“While California remains a challenging market, we have continued to make progress. We are cash flow positive this year and continue to expand our production,” says Graham Farrar, President of Glass House. The company is expanding its production in phases, retrofitting a 5.5 million square foot greenhouse in Southern California. “We’ve been operating in the first phase for about 16 months now and are on track to put plants into the next phase in the first quarter of next year. We also expanded the nursery significantly, almost doubling the size,” says Graham. Yet, at the same time, many other California cannabis growers haven’t been able to survive the challenging market. “Since day one, we’ve been focused on producing the highest quality for the lowest cost. Our goal is essentially to disconnect ourselves from the pricing cycle. If we can grow the best cannabis for the lowest cost, then our product will be in demand, no matter what the average price of the market is.”


Graham Farrar

Challenging weather
Something all of California had to deal with this year was the weather. “From beginning to end, it’s been a wild year when it comes to the weather,” Graham says. “To start off with, it rained for the entire month of January. We don’t complain about rain here because we need water, but from a cultivation perspective, it was wet and dark. We track our light levels on a weekly basis relative to the ten-year average. For two months, we had half or less light than expected. On top of that, we had the first tropical storm on record to hit California in August. So that meant more cloudiness and humidity.” Those are some challenging conditions to deal with when growing in a greenhouse. “We’re fundamental believers in greenhouses. In the long run, we’re convinced that it is the best, most environmentally friendly, and efficient way to grow. But it also means that sometimes you’re playing with the hand you’re dealt. Luckily, our team has done a great job dealing with those challenges and we now seem to head back into a more normal cycle.”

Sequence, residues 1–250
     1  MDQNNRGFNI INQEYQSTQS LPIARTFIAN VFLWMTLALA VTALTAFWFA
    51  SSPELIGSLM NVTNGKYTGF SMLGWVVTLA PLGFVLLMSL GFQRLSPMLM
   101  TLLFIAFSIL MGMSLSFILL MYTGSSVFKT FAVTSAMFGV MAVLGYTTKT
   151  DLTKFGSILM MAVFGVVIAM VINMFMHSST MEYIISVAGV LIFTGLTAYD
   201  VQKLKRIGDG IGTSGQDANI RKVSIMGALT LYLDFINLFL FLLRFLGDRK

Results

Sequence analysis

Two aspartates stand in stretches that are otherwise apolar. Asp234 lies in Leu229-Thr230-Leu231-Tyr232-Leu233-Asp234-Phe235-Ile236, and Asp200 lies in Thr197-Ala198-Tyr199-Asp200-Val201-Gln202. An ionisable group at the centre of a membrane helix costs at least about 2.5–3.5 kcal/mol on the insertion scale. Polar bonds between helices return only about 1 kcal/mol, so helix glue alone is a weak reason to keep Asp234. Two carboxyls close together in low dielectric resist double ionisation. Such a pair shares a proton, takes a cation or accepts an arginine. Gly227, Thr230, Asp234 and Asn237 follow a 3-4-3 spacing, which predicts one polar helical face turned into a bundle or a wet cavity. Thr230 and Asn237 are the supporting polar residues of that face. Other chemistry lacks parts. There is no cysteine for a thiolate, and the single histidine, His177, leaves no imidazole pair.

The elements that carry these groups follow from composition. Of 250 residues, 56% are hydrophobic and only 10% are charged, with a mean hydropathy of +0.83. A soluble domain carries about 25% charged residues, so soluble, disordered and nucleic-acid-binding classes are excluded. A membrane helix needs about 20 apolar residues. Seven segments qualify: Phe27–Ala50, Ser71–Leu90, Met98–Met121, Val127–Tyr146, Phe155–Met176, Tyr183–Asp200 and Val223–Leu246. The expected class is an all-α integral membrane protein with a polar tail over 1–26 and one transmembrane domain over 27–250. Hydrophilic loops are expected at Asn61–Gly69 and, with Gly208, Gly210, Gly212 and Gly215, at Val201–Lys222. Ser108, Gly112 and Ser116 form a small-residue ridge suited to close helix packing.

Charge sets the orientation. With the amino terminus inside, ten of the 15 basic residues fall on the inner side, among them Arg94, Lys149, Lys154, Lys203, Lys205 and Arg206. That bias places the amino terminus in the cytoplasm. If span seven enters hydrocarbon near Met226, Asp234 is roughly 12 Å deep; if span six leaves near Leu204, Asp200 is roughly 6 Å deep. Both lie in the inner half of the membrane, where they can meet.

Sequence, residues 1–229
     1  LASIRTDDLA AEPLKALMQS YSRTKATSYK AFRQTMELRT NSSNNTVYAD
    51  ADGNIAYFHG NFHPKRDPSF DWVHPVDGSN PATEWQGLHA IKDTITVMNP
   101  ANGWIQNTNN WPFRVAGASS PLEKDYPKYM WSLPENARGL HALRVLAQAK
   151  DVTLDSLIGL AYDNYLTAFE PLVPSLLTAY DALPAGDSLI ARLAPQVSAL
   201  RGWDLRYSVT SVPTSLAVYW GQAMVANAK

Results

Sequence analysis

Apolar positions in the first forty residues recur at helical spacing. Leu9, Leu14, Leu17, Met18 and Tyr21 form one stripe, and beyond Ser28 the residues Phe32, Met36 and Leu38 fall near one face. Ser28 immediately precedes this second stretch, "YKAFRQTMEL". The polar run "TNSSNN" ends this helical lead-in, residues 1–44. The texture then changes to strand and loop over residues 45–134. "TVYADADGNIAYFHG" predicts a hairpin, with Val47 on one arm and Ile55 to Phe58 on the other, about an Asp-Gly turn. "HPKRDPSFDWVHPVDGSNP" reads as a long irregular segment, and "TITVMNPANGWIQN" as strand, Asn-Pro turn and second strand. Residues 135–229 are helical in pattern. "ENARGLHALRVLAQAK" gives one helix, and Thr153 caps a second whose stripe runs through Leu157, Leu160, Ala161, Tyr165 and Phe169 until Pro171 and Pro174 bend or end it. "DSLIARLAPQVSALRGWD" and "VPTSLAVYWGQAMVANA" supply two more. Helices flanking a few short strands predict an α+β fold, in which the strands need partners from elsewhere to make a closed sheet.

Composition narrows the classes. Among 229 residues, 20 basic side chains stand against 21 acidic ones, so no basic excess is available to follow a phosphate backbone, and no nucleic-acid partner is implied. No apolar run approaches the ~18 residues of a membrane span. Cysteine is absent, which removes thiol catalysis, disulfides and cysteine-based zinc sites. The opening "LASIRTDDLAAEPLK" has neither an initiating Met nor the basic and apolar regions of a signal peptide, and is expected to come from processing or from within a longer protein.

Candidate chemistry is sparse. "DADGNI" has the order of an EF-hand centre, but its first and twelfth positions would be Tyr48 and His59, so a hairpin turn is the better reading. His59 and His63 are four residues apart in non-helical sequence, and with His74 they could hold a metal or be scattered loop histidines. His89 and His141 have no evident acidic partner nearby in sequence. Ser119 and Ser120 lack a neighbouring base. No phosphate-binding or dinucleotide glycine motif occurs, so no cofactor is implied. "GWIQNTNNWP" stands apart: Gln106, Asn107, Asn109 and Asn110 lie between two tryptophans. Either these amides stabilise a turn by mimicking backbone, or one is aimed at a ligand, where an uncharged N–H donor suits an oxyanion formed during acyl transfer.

Price compression
These past years, a lot of California cannabis producers have left the market. According to Graham, consumption hasn’t changed much. “If you see any numbers that are down, they’re usually in dollars, not units. Instead, price compression is happening, while more people are probably using cannabis than ever before.” Graham explains that the price compression is not necessarily a bad thing. “The market exists for the patients and consumers, not for the producers. Before legalization, cannabis used to cost $4000-5000 per pound, meaning that it was only available to a small group of people. We believe in the benefits of cannabis and want to keep it accessible to everybody who wants it. That means that the price has to be accessible as well. So, while the price compression is, of course, a challenge for producers, it does increase the size of the available market. We have to continue keeping in mind who we do this for: the patients and consumers.”

Slow progress
Overall, Graham is optimistic about the future of the industry and Glass House. “Cannabis is not something people will move on from. People will continue to use it, and more and more people are learning about its benefits. That being said, there are, of course, many challenges the industry faces. For example, the excise tax on a bottle of wine is 15 cents, whereas the excise tax on a 1-gram joint is $1,50. On the one hand, society is saying that cannabis is medicine, but on the other hand, it’s being taxed like it’s a vice. The illicit, unlicensed market, of course, doesn’t charge any tax. On top of that, there are around 11,000 liquor stores in California, while there are only 1,000 dispensaries. If a product is difficult to access and is being highly taxed, then it doesn’t come as a surprise that it’s challenging to get people to go through licensed channels.” Yet these are all fixable problems, and positive progress is also happening, Graham says. “Unprecedented progress is happening in the industry. The HHS has recommended the DEA to move cannabis from Schedule 1 to Schedule 3, the SAFER Banking Act was approved by the Senate Banking Committee for the first time, Ohio just legalized adult-use cannabis, Gov. Gavin Newsom is working on bills to allow interstate commerce, to give some examples. It might be happening slowly, but there’s lots of progress happening,” Graham says.

For more information:
Glass House Farms
www.glasshousefarms.org